In 2005, JRR hired Steve Grissom to pilot the #49 full-time. His best finish was 16th at Talladega. Mara Reyes filled in for him at Autódromo Hermanos Rodríguez, Mexico City. Steve Grissom ran the season-opening race at Daytona in 2006 until Jorge Goeters (competing for NASCAR Busch Series Rookie of the Year) drove for a few races. Derrike Cope then took over driving duties, sharing the ride with Shane Hall, Steve Grissom, and Jennifer Jo Cobb. Derrike Cope ran three 3 races in the #49 in 2007. The #49 switched to #4 in 2008, after purchasing owners points from Phoenix Racing. Robert Richardson ran eleven races with funding from JVC and Phantom EFX, before Cope took his place for most of the season. In the final races, Patrick Sheltra leased the number and owner's points for his own entry. At the road course events, Phoenix fielded the #4 for Landon Cassill, while Cope drove the 49.
For the 2009 season, Kertus Davis began the season as the driver of the #49 again in 2009 with GetMoreVacations.com as sponsor. After several races, Mark Green returned to the team as driver. During the season, this team ran as a start and park team.
In 2010, Green will run both the #49 and #70 cars for JRR under an agreement with ML Motorsports. This same deal was formed for 2010. Brad Teague ran the #49 at Bristol in March.
In 2011, this team is usually entered on occasion, and mostly used to Start and Park which helps fund the primary #28 car, with Derrike Cope.
The 39 cars were purchased from Robert Yates Racing in 2003, who had repossessed the equipment from Angela's Motorsports. The team's first race was at the Koolerz 300, with Mike McLaughlin driving a fan-supported ride. He qualified fourth, but was involved in a crash late in the race, and finished 29th. Joe Buford and Clint Vahsholtz ran the next two races. Jason White began running the 39 eventually with Three Stooges Beer as the sponsor. Eventually, road racer Chris Bingham was moved to the 39 car after struggling in the 49 car. Following his release, Jamie Mosley and Dana White finished out the year. For the 2004 season Andy Ponstein began the year in the 39 with sponsorship from Yahoo!, but wrecked several times during his tenure and was released. Tina Gordon came on after that, and had a best finish of 26th at Pikes Peak, before she was released. The 39 has not run since.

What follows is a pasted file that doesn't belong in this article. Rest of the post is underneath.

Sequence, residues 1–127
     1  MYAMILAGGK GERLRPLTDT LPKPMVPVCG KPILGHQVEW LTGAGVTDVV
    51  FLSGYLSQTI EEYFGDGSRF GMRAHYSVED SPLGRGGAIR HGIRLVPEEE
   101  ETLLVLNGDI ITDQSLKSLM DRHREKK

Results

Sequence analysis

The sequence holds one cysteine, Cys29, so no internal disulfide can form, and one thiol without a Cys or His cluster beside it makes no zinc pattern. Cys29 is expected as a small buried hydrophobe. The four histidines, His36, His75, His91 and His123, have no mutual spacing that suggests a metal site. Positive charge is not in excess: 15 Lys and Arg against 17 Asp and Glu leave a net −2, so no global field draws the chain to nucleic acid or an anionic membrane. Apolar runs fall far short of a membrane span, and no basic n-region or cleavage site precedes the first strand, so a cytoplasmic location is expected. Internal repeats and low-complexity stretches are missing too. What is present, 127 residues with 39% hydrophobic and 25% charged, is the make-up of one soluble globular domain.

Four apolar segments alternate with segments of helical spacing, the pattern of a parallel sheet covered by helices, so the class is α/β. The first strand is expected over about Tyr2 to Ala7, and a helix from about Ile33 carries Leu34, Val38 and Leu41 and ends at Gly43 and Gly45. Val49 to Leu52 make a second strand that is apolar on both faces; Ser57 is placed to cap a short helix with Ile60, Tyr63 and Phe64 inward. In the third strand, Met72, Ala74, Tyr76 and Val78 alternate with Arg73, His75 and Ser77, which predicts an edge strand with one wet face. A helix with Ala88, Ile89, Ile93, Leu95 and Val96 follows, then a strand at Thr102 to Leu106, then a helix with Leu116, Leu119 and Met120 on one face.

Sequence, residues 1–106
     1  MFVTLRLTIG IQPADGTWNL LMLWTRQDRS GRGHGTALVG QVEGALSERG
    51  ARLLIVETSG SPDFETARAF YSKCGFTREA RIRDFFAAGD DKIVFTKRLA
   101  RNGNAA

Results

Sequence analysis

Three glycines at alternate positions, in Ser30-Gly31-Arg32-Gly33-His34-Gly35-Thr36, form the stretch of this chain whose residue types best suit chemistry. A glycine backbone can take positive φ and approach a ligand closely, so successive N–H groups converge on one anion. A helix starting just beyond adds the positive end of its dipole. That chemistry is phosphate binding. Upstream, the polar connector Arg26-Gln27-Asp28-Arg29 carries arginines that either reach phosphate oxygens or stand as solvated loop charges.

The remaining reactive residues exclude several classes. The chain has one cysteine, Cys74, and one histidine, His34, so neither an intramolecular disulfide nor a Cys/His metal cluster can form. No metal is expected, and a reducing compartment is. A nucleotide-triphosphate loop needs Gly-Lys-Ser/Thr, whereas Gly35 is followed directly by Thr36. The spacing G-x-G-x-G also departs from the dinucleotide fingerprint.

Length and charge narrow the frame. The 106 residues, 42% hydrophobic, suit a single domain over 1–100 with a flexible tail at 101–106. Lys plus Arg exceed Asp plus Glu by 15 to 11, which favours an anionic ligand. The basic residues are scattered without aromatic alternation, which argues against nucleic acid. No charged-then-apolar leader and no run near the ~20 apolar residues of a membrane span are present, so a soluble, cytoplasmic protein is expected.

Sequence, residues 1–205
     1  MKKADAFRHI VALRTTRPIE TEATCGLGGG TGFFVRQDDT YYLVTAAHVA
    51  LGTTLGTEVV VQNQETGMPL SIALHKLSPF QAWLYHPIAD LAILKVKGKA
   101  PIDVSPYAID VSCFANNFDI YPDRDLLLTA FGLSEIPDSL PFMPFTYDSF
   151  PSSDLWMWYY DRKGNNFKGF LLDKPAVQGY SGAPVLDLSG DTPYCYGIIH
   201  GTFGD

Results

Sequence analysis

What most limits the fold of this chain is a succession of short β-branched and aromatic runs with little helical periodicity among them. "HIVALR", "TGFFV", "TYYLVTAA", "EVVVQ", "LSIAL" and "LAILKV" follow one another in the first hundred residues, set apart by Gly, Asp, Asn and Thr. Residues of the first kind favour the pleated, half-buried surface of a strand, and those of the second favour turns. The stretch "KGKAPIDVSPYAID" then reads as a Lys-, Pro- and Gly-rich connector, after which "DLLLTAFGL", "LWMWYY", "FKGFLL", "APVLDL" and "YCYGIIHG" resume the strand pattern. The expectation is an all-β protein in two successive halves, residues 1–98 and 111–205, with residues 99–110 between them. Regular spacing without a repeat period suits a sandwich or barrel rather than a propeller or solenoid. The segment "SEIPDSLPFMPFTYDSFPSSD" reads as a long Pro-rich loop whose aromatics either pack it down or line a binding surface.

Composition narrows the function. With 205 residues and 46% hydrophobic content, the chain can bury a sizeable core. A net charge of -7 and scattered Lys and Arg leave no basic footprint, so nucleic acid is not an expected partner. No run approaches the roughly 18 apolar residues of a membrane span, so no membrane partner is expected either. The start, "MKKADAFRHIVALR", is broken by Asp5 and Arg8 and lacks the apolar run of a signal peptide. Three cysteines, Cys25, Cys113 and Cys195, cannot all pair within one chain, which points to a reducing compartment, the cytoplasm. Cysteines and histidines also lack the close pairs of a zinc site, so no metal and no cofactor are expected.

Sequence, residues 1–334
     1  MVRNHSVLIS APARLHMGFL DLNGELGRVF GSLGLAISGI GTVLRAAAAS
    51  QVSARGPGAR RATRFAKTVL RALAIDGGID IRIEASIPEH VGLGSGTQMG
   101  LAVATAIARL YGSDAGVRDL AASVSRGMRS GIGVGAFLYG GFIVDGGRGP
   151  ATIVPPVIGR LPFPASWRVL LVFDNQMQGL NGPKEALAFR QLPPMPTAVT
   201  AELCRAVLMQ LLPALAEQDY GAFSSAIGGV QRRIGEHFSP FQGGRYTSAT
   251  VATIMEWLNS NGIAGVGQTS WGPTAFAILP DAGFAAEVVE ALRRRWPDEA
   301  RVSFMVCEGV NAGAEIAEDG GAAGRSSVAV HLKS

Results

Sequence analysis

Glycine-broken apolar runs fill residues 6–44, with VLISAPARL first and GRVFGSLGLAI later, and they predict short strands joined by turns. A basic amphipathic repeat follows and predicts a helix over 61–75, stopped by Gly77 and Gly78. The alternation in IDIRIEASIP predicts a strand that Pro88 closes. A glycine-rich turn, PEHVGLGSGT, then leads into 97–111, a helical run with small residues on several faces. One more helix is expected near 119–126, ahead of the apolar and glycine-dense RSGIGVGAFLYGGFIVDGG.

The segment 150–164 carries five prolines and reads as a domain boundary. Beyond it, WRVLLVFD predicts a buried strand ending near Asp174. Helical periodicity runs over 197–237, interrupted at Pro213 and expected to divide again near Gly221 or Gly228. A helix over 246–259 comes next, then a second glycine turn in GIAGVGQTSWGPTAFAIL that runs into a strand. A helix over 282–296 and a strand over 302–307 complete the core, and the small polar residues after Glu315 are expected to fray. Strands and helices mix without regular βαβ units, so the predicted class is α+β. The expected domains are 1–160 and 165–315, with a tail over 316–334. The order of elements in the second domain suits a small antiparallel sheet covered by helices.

JRR revived its third team in 2008 as the #49. Derrike Cope first attempted a race with the car at Mexico City, but failed to qualify. The car next ran at Nashville Superspeedway, when Shane Hall finished last after an early vibration problem. Kertus Davis joined the team at Kentucky and ran the rest of season in #49 after leaving his family owned JD Motorsports team, his best finish being 35th. JRR has not run a third car since then.
- "Robinson-Blakeney Racing to field Cup car in '12". NASCAR.com. Turner Sports. January 16, 2012. Retrieved 2012-01-16.
- "Yeley to drive for new Cup team". NASCAR.com. Turner Sports. January 25, 2012. Retrieved 2012-01-25.
- NASCAR team races for Israel
- Pockrass, Bob (February 23, 2012). "Blaney, R. Gordon, Nemechek, McDowell race into Daytona 500". SceneDaily.com. The Sporting News. Retrieved 2012-02-25.
- Rodman, Dave (February 11, 2012). "Yeley to give Robinson last Nationwide hurrah?". NASCAR.com. Turner Sports. Retrieved 2012-02-11.